Spring 2017


James McConnachie, Editor

This issue considers authors as businesses, of course – but it puts our humanity first.

The author Horatio Clare recently described publishing to me as ‘venture capitalism’. I can see how the analogy works. The author is the creator-entrepreneur, the small business with a modest line of products. The publisher provides the cash and the business muscle. And venture capital firms, according to the British Private Equity & Venture Capital Association, invest in companies that ‘often have little track record of profitability and are cash hungry’. Sounds like most authors to me.

But there is another way of looking at publishers. They are also providers of a suite of author services, from editorial to accounting. You pay for all of those services, of course. With that in mind, consider these trends. Editorial: how much work did you (or your agent, or course tutor) do before your typescript even got to the publisher? Marketing: who wrote the blurb and pitched the articles? Who maintains the brand on social media? Printing: have you been offered an ebook-only deal? Are any of your books print-on-demand? Rights and licensing: does an agent handle this for you? Accounting: has your publisher been sighing recently over the ‘difficulty’ of paying royalties? Have you ever been offered a flat fee?

Now, new kinds of companies are competing to take on different aspects of the whole publishing ‘offer’, and self-publishing is turning the author into a commissioner of author services. It is an exciting shift. But traditional publishing remains a repository of enormous business experience and expertise, notably in things like rights, returns, foreign taxation and so on. It still offers unrivalled access to the market. And it is still unique in that it offers an author that most crucial thing: capital investment. (I’ll leave aside such questions as whether or not publishers provide enough capital for the author to stay alive, or whether or not the risks and rewards are shared fairly.)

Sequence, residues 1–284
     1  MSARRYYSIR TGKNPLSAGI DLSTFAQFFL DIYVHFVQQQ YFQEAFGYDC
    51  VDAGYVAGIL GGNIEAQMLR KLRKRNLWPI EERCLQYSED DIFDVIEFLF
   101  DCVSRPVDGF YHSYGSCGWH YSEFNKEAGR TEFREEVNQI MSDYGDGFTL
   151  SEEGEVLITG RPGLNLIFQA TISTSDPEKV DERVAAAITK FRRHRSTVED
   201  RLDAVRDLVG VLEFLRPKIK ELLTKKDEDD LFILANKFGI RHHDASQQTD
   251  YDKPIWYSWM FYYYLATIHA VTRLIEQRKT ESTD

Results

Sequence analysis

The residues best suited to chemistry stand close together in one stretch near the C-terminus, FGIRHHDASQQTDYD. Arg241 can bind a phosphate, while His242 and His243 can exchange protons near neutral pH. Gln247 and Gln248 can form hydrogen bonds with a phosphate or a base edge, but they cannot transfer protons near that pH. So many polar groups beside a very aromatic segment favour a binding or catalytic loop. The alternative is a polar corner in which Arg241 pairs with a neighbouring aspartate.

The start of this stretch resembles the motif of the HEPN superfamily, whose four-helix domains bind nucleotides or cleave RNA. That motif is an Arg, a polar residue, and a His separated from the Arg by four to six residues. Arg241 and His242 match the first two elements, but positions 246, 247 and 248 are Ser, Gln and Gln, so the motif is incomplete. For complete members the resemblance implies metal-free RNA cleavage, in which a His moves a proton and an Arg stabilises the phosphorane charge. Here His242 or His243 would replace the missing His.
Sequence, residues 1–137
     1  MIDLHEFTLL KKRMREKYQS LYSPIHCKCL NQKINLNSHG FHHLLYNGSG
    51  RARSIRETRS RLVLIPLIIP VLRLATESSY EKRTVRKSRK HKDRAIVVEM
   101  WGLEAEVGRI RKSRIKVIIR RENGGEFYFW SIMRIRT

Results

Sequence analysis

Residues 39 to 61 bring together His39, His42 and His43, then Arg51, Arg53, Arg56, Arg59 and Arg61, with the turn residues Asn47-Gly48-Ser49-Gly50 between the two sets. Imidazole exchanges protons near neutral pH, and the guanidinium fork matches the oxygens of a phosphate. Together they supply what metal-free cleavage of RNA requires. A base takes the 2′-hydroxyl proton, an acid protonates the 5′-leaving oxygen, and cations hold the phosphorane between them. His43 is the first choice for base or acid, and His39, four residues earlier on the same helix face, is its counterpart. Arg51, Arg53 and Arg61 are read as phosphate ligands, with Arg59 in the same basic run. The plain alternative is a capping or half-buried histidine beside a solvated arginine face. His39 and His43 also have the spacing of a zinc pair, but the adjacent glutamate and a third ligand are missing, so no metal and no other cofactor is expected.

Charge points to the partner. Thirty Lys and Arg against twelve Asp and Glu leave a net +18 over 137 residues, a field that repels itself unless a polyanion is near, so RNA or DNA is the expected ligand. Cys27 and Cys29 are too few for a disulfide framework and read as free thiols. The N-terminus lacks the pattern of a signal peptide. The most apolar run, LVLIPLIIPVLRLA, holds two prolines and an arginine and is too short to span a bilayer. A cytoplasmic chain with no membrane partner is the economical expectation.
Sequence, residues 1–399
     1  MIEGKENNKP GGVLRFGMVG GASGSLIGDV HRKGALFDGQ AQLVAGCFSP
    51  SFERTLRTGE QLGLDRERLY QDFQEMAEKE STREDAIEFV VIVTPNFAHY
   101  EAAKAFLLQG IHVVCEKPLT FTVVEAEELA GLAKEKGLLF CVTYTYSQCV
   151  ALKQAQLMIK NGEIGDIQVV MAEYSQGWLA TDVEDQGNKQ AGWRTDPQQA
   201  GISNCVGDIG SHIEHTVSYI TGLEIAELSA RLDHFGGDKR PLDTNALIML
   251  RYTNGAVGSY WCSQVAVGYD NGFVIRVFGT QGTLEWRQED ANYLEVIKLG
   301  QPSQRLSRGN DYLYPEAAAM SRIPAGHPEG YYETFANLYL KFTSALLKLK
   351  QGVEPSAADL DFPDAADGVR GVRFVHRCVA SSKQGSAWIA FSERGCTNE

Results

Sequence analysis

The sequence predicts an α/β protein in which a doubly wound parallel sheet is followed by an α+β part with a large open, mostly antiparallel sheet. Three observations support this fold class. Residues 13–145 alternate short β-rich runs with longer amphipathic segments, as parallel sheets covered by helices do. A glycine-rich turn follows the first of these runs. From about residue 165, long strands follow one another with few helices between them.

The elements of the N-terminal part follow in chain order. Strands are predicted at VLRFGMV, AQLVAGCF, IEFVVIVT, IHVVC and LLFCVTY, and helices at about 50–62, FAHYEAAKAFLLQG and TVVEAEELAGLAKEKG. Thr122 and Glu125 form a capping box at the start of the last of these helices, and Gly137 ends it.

Money, bluntly, is a powerful signal to the world that someone other than the author thinks a book has merit. And until another company ventures its capital, and ventures it to you, it is not sharing the risks with you – and any author must ask serious questions about that company’s claim to share in any reward.

Business analogies can be useful. All of them miss something, however, which matters to most authors, and most publishers, a great deal. We are businesses, but we are also partners in – let’s not be bashful about saying it – the great liberal and humanist enterprise of our era. We are engaged in the creation, dissemination and interrogation of ideas. This Spring issue of The Author appears at a time when many feel that hard-won and much-cherished liberal values are threatened. So it considers authors as businesses, of course – that’s its job. But it puts our humanity first.

James McConnachie

mcconnachie.tumblr.com | @j_mcconnachie

In this issue...

  • Fiction, facts, alternative truths
  • Fiction vs factAmanda Craig
  • Not-so-special sales - James Mayhew
  • The night lawyer: libel tips - Alex Wade


  • Human writes - Shafik Meghji
  • Human writes - Chris Riddell
  • Speaking for diversity - Tim Hely Hutchinson
  • Do dull lives produce great writing? - John Greening

The writer at work

  • The between-books blues - Andrew Greig
  • School visit - Anne Fine
  • Living in poetry not by it - Julia Bird
  • Crowd-funding with Unbound - Alice Jolly
  • What’s wrong with ebooks? - Hazhir Teimourian


  • You need to know
  • Digital crush - Naomi Alderman
  • Letter from Rwanda - Marion Grace Woolley
  • To the Editor 
  • Booktrade news
  • Broadcasting 
  • Notices
  • Grub Street - Andrew Taylor